"White people," said Miller to himself, who had seen these passengers from the window, "do not object to the negro as a servant. As the traditional negro,—the servant,—he is welcomed; as an equal, he is repudiated."
Miller was something of a philosopher. He had long ago had the conclusion forced upon him that an educated man of his race, in order to live comfortably in the United States, must be either a philosopher or a fool; and since he wished to be happy, and was not exactly a fool, he had cultivated philosophy. By and by he saw a white man, with a dog, enter the rear coach. Miller wondered whether the dog would be allowed to ride with his master, and if not, what disposition would be made of him. He was a handsome dog, and Miller, who was fond of animals, would not have objected to the company of a dog, as a dog. He was nevertheless conscious of a queer sensation when he saw the porter take the dog by the collar and start in his own direction, and felt consciously relieved when the canine passenger was taken on past him into the baggage-car ahead. Miller's hand was hanging over the arm of his seat, and the dog, an intelligent shepherd, licked it as he passed. Miller was not entirely sure that he would not have liked the porter to leave the dog there; he was a friendly dog, and seemed inclined to be sociable.
Toward evening the train drew up at a station where quite a party of farm laborers, fresh from their daily toil, swarmed out from the conspicuously labeled colored waiting-room, and into the car with Miller. They were a jolly, good-natured crowd, and, free from the embarrassing presence of white people, proceeded to enjoy themselves after their own fashion. Here an amorous fellow sat with his arm around a buxom girl's waist. A musically inclined individual—his talents did not go far beyond inclination—produced a mouth-organ and struck up a tune, to which a limber-legged boy danced in the aisle. They were noisy, loquacious, happy, dirty, and malodorous. For a while Miller was amused and pleased. They were his people, and he felt a certain expansive warmth toward them in spite of their obvious shortcomings. By and by, however, the air became too close, and he went out upon the platform. For the sake of the democratic ideal, which meant so much to his race, he might have endured the affliction. He could easily imagine that people of refinement, with the power in their hands, might be tempted to strain the democratic ideal in order to avoid such contact; but personally, and apart from the mere matter of racial sympathy, these people were just as offensive to him as to the whites in the other end of the train. Surely, if a classification of passengers on trains was at all desirable, it might be made upon some more logical and considerate basis than a mere arbitrary, tactless, and, by the very nature of things, brutal drawing of a color line. It was a veritable bed of Procrustes, this standard which the whites had set for the negroes. Those who grew above it must have their heads cut off, figuratively speaking,—must be forced back to the level assigned to their race; those who fell beneath the standard set had their necks stretched, literally enough, as the ghastly record in the daily papers gave conclusive evidence.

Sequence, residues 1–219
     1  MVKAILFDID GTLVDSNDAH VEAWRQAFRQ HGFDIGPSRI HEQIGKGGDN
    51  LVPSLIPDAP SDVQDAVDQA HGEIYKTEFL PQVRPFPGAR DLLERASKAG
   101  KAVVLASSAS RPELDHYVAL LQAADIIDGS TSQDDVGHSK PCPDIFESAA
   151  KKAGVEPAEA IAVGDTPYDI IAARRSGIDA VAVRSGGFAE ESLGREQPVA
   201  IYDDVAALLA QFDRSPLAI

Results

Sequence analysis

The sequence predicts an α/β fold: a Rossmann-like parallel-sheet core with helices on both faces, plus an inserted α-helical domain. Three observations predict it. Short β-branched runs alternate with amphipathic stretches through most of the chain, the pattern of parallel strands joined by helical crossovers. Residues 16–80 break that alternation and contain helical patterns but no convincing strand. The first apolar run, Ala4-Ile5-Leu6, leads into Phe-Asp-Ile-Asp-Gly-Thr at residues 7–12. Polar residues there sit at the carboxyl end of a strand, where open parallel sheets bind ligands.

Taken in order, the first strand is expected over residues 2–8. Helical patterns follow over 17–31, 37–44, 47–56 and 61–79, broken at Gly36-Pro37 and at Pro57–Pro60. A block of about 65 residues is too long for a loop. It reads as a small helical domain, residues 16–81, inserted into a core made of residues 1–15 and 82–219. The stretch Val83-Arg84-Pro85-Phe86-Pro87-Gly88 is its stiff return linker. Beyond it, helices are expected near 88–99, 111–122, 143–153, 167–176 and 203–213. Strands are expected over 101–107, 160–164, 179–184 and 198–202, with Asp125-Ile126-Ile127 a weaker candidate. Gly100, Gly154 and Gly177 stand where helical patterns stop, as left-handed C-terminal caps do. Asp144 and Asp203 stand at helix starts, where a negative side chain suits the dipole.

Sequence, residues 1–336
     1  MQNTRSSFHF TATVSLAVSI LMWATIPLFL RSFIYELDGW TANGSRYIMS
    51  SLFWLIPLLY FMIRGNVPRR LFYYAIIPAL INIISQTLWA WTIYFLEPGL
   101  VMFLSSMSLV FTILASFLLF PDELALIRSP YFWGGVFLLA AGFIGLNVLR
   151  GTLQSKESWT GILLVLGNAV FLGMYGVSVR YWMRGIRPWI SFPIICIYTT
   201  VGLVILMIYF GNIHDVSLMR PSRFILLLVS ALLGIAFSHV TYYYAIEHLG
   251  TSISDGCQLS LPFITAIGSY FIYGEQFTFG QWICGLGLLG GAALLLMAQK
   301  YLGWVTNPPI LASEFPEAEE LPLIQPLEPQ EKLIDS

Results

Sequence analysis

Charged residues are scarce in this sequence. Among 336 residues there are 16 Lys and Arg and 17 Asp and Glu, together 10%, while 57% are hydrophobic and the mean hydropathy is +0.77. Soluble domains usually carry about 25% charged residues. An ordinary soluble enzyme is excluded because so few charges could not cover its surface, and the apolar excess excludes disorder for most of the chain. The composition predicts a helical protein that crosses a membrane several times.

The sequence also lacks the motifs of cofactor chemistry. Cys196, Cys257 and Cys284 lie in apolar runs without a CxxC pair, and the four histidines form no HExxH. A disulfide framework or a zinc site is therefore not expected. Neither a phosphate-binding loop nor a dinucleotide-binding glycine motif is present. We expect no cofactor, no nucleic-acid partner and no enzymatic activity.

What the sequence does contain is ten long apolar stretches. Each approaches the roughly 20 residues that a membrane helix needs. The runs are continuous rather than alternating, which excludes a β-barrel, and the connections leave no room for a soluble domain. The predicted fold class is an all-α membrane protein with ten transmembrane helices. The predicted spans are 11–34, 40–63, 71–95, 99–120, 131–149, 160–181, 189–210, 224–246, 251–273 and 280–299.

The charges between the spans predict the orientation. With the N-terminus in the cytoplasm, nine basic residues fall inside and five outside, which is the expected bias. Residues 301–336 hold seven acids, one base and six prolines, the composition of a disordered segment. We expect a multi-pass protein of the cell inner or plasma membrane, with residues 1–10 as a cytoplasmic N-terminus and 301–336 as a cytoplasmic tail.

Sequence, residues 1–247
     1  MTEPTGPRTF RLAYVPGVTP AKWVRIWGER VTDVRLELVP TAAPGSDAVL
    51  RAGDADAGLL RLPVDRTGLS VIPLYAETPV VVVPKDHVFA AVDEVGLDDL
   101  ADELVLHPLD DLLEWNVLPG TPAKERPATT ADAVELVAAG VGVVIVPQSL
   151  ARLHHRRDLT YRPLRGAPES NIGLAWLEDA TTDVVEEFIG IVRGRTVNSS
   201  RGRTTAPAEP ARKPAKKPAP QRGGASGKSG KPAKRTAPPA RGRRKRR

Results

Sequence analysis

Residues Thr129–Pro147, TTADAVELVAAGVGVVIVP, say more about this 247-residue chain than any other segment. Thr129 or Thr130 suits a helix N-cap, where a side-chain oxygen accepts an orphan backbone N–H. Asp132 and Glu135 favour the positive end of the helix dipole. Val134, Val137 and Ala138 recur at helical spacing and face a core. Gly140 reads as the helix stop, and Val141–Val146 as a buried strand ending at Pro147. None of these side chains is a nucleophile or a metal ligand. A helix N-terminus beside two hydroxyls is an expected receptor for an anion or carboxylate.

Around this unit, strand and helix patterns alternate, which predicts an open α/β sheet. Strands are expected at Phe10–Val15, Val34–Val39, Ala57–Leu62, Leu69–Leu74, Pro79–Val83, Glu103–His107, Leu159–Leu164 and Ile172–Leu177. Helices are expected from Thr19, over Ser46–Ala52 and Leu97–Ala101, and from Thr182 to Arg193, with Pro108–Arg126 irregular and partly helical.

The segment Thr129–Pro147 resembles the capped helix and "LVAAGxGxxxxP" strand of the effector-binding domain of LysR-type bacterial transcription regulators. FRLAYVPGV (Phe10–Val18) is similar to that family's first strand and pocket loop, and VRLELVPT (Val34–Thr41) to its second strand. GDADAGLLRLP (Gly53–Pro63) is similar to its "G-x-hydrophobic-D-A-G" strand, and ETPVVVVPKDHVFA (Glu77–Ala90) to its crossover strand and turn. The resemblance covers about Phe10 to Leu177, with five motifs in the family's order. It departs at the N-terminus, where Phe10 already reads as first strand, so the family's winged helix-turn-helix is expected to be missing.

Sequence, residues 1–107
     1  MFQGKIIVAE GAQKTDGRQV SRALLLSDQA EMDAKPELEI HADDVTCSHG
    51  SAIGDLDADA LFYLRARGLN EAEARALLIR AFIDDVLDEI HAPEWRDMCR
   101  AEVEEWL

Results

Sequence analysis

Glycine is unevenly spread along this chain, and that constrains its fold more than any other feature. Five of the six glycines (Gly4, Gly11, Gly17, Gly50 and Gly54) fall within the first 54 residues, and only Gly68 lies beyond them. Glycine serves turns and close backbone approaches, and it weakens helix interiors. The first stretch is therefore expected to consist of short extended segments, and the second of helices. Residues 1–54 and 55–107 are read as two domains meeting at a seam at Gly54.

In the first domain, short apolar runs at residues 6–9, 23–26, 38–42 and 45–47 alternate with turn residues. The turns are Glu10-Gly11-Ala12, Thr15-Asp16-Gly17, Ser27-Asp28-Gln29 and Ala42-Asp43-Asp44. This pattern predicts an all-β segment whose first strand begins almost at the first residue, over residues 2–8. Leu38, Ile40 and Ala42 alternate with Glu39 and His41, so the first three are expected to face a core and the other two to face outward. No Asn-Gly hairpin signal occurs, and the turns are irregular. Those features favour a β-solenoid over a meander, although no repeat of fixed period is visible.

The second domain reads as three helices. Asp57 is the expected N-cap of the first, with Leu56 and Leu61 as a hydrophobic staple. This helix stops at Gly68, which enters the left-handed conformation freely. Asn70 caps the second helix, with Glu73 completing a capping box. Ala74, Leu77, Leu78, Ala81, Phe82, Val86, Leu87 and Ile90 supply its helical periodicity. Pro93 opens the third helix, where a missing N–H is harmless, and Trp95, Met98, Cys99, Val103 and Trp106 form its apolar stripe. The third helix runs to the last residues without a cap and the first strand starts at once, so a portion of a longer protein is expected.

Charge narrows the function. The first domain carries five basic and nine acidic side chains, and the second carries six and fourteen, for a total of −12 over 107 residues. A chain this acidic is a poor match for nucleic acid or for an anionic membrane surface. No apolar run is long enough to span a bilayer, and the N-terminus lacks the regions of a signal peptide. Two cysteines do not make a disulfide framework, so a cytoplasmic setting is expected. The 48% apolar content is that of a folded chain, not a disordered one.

Miller breathed more freely when the lively crowd got off at the next station, after a short ride. Moreover, he had a light heart, a conscience void of offense, and was only thirty years old. His philosophy had become somewhat jaded on this journey, but he pulled it together for a final effort. Was it not, after all, a wise provision of nature that had given to a race, destined to a long servitude and a slow emergence therefrom, a cheerfulness of spirit which enabled them to catch pleasure on the wing, and endure with equanimity the ills that seemed inevitable? The ability to live and thrive under adverse circumstances is the surest guaranty of the future. The race which at the last shall inherit the earth—the residuary legatee of civilization—will be the race which remains longest upon it. The negro was here before the Anglo-Saxon was evolved, and his thick lips and heavy-lidded eyes looked out from the inscrutable face of the Sphinx across the sands of Egypt while yet the